• June 23, 2016: Park Headquarters Lobby from 5:00 p.m. to 7:00 p.m. at 107 Park Headquarters Road, Gatlinburg, TN 37738.

Note that comments submitted anonymously will not be accepted. Before including your address, phone number, e-mail address or other personal identifying information in your comment, you should be aware that your entire comment (including your personal identifying information) is subject to the Freedom of Information Act and may be made publicly available. While you may request in your comment to withhold your personal identifying from public review, the park cannot guarantee that they will legally be able to do so.

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Forest Service Gears Up for Significant 2016 Wildfire Season

Tuesday, May 24, 2016

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Last week Agriculture Secretary Tom Vilsack and Forest Service Chief Tom Tidwell met with Forest Service Regional Foresters to discuss preparations for anticipated significant wildland fire potential in 2016. The briefing comes as the 2016 fire season has begun with five times more acres already burned than this time last year, following 2015's record-setting fire season.

"The 2016 wildfire season is off to a worrisome start. Southern California, the Great Basin in Nevada, portions of the southwest, and even Florida and Hawaii are particularly vulnerable this year. In California, more than 40 million trees have died, becoming dry fuel for wildfire," said Vilsack. "Congress must take action now to ensure that we, and, ultimately the firefighters we ask so much of, have the resources to do the restoration and wildfire prevention work necessary to keep our forests healthy."

Forest Service Chief Tidwell underscored the Forest Service's commitment to ensuring the protection of firefighters' lives. Last year, seven members of the Forest Service firefighting team were lost in the line of duty, and 4,500 homes were damaged or destroyed. This year the Forest Service is able to mobilize 10,000 firefighters, 900 engines, 300 helicopters, 21 airtankers, 2 water scoopers and over 30 aerial supervision fixed-wing aircraft. Together with federal, state and local partners, the agency is positioned to respond wherever needed.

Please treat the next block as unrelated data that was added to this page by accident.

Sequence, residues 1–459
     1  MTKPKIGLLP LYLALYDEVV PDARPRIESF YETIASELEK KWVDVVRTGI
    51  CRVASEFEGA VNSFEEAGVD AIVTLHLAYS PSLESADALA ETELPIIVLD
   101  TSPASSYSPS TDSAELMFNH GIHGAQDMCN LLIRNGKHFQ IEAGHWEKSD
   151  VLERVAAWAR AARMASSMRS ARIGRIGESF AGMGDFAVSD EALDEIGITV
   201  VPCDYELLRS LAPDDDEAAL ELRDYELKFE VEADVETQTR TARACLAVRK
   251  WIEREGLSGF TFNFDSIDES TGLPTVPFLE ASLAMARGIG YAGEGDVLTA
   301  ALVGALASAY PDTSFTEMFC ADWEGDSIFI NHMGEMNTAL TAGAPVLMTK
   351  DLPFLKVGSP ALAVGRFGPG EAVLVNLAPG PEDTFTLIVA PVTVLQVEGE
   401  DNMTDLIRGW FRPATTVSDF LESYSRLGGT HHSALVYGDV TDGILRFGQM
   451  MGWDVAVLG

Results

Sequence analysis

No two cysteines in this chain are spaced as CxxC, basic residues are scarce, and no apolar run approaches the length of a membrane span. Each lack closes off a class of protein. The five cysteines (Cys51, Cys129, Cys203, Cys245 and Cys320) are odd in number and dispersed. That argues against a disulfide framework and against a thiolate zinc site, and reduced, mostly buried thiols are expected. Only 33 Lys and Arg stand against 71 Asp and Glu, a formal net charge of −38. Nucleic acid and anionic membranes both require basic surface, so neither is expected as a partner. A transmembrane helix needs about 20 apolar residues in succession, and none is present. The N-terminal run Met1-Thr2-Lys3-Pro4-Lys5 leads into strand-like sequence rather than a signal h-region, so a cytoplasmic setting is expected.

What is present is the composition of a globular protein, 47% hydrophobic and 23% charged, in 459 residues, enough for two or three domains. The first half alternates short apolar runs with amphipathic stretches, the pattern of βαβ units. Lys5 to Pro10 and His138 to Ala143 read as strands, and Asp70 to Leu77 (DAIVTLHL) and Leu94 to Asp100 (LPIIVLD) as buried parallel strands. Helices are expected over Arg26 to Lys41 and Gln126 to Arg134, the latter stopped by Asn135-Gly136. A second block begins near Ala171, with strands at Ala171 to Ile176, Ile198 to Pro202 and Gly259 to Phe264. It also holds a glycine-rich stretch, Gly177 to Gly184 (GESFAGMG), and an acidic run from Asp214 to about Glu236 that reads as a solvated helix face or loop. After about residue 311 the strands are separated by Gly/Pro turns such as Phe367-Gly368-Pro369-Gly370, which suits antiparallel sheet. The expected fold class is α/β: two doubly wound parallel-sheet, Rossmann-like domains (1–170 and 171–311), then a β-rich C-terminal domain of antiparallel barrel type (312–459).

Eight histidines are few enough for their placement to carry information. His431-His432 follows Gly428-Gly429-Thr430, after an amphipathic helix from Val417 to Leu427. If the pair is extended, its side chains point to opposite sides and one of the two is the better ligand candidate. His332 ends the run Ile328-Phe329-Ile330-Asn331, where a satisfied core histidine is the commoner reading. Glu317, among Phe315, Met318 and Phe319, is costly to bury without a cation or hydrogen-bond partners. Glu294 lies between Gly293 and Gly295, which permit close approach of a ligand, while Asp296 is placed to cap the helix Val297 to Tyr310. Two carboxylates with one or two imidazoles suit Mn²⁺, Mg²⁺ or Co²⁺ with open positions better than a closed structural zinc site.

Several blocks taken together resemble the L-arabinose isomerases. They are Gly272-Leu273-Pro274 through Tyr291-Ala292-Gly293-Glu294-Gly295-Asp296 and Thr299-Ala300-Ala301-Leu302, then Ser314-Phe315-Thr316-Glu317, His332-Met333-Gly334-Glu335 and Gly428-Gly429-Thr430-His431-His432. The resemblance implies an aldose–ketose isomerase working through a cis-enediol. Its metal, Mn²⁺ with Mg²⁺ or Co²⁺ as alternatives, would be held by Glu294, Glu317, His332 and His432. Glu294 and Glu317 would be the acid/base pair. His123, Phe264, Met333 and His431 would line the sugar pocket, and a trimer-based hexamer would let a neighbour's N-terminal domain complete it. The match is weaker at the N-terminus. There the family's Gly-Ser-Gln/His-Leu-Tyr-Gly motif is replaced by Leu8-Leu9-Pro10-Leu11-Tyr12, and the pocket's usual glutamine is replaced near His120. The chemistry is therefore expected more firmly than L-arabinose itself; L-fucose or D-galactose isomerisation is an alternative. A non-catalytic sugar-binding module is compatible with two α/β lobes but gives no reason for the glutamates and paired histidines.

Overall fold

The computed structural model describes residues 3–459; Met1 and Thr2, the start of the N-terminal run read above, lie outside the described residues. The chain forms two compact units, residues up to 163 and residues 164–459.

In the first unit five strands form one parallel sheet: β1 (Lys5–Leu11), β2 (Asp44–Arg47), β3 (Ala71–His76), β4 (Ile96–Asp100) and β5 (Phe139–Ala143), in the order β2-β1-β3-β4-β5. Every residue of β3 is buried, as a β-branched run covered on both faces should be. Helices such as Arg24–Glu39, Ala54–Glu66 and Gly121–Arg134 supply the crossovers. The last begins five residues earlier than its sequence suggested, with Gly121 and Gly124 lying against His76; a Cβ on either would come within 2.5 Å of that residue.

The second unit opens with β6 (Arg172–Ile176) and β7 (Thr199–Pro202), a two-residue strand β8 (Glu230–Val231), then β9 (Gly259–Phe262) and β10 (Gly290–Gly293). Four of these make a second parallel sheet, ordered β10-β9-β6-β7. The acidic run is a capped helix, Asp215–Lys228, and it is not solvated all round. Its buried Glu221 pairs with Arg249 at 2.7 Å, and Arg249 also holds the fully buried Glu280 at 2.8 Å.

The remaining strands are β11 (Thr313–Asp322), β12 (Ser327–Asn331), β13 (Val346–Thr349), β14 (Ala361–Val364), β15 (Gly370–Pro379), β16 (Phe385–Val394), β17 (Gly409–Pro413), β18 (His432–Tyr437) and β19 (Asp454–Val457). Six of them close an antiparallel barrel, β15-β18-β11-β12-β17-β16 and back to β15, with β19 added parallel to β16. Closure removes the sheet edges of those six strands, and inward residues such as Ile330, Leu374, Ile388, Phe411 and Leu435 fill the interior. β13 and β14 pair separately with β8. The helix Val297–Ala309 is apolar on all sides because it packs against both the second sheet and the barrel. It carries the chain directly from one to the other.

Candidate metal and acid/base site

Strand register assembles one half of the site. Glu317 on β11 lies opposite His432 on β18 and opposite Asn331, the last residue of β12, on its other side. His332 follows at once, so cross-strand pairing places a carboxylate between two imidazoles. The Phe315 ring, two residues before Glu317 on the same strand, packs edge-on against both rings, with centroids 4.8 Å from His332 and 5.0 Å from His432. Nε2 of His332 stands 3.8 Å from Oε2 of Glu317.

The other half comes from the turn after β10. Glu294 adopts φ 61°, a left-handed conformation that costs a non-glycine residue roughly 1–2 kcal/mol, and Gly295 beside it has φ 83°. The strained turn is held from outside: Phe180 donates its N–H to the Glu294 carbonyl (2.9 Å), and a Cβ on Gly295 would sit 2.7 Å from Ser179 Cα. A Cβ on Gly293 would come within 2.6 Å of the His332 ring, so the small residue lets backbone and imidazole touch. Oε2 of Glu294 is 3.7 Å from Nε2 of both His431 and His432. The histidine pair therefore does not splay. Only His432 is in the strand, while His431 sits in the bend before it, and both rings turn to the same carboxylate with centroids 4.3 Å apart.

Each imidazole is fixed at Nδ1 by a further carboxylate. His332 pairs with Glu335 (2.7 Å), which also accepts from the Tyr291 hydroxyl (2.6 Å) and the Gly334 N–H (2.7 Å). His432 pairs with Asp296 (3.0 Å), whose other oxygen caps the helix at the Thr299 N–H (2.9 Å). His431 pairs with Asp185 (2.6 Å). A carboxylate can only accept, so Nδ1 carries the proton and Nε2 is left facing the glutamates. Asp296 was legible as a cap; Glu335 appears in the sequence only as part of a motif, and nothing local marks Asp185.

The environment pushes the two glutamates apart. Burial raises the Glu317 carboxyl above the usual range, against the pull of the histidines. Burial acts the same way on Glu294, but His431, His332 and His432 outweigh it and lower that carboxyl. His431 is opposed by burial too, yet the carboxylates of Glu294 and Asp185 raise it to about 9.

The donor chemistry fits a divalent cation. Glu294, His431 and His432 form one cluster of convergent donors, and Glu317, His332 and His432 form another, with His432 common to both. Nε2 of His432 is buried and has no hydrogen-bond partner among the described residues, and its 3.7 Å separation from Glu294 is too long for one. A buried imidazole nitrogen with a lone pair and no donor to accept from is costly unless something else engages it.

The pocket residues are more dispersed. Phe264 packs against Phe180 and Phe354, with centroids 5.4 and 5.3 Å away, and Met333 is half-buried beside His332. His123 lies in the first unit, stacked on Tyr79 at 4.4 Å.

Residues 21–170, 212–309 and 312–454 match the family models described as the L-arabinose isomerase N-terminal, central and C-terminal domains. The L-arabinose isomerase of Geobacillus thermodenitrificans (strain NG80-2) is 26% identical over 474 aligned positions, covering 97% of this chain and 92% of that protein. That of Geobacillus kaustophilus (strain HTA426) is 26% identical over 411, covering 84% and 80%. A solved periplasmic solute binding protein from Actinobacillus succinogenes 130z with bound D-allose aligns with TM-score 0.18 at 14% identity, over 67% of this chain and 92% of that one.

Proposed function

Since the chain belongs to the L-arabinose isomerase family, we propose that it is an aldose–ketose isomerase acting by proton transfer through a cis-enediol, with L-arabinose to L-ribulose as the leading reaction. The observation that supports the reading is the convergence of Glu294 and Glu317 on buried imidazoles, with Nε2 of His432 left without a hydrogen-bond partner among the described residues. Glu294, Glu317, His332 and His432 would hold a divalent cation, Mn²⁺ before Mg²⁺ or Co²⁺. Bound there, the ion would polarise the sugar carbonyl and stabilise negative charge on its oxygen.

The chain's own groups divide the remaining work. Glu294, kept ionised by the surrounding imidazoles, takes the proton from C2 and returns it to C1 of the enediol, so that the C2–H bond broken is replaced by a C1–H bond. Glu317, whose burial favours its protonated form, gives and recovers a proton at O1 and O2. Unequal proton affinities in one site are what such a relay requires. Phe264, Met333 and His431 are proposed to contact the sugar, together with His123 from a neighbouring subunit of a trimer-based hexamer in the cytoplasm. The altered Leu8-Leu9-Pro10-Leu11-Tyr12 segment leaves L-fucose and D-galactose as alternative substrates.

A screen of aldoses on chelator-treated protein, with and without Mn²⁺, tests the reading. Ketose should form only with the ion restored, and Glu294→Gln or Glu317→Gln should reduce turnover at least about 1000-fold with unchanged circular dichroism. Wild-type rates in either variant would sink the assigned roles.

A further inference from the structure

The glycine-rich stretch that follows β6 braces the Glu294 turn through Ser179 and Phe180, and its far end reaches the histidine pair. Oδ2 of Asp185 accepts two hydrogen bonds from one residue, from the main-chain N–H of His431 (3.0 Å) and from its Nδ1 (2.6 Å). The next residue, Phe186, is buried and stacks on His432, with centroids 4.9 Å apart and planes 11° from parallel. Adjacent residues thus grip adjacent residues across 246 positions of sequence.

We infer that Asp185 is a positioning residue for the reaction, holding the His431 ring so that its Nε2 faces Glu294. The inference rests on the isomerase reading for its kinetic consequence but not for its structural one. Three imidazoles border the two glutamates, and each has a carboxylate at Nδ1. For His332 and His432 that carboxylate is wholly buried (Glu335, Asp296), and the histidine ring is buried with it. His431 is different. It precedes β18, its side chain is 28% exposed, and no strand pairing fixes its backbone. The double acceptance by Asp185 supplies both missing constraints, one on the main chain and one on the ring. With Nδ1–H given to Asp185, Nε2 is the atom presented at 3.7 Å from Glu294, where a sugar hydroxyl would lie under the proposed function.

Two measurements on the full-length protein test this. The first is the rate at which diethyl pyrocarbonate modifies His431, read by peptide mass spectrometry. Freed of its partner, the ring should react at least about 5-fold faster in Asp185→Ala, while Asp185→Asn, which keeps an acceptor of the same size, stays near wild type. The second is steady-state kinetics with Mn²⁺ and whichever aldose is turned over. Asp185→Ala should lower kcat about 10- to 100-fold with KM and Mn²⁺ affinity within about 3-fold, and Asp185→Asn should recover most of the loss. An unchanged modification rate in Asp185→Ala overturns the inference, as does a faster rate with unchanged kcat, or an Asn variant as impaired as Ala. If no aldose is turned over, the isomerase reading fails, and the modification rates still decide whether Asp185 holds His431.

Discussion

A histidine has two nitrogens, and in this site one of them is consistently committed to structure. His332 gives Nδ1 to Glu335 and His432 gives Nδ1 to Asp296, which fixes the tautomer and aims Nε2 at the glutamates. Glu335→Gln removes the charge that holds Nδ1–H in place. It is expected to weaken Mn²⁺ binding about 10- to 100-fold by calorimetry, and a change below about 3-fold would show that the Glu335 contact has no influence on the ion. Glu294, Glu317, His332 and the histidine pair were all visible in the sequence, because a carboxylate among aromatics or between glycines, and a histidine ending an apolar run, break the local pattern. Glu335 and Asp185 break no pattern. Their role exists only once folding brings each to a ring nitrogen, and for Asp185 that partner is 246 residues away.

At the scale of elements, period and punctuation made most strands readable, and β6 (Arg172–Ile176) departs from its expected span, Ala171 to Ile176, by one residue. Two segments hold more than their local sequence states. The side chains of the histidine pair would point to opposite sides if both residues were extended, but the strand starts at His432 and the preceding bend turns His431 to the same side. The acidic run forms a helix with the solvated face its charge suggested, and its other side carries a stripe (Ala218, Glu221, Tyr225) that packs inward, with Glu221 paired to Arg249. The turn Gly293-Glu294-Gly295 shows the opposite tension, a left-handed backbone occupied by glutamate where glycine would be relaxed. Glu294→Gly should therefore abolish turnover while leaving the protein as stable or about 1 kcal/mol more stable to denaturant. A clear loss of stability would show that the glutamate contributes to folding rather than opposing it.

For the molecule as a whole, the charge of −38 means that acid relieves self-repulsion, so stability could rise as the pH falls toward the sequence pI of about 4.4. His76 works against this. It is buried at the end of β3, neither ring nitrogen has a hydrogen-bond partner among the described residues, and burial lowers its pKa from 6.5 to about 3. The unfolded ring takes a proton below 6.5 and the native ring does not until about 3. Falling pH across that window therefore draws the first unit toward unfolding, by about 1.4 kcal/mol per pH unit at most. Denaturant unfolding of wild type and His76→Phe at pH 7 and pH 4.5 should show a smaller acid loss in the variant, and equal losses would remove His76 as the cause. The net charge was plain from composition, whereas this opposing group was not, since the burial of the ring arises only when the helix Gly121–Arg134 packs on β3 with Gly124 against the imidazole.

In recent years fire seasons are, on average, 78 days longer than they were in 1970 and, on average, the number of acres burned each year has doubled since 1980. As a result, the Forest Service's firefighting budget is regularly exhausted before the end of the wildfire season, forcing the Forest Service to abandon critical restoration and capital improvement projects in order to suppress extreme fires.

The cost of the Forest Service's wildfire suppression reached a record $243 million in a one-week period during the height of suppression activity in August 2015. With a record 52 percent of the Forest Service's budget dedicated to fire suppression activities, compared to just 16 percent in 1995, the Forest Service's firefighting budget was exhausted in 2015, forcing USDA to transfer funds away from forest restoration projects that would help reduce the risk of future fires, in order to cover the high cost of battling blazes.

Last December Vilsack told members of Congress that he will not authorize transfers from restoration and resilience funding this fire season. Instead, Vilsack has directed the Forest Service to use funds as they were intended. For example, restoration work through programs like the Collaborative Forest Landscape Restoration Program and implementation of the National Cohesive Strategy, are reducing the size and severity of wildfires. USDA, the U.S. Department of the Interior and other partners are working with at-risk communities to promote community and homeowner involvement in mitigating wildfire risk, reducing hazardous fuels and accomplishing treatments that increase forest health and resilience.

Even a so-called normal year is far worse than it used to be. On average, wildfires burn twice as much land area each year as they did 40 years ago and the threat continues to increase.

Over the last two years, $237 million has been permanently shifted from the Forest Service non-fire budget forcing the department to abandon critical restoration and capital improvement projects in order to suppress extreme fires. This loss in funds to firefighting took place before a single fire broke out in 2016.

For the first time in its 111-year history, over half of the Forest Service's 2015 budget was designated to fight wildfires, compared to just 16 percent in 1995. 2015 was the most expensive fire season in the department's history, costing more than $2.6 billion on fire alone.

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Celebrate National Trails Day at Big South Fork on Saturday June 4th

Monday, May 23, 2016

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As part of a National Trails Day celebration, the Big South Fork National River and Recreation Area will host a day of trail clean-up on Saturday, June 4th. Participants should meet at the Bandy Creek Visitor Center by 8:30 a.m. (ET).

Now in its 24th consecutive year, National Trails Day challenges the public to explore nearby trails, and engage in outdoor recreation activities like hiking, horseback riding, kayaking, or mountain biking, to learn new outdoor skills and to support volunteer efforts.

Last year, activities at thousands of sites attracted more than 140,000 Americans to participate in the National Trails Day festivities. Participants hiked, biked, paddled and volunteered at more than 2,000 events in all 50 states, the District of Columbia, Puerto Rico, and Canada.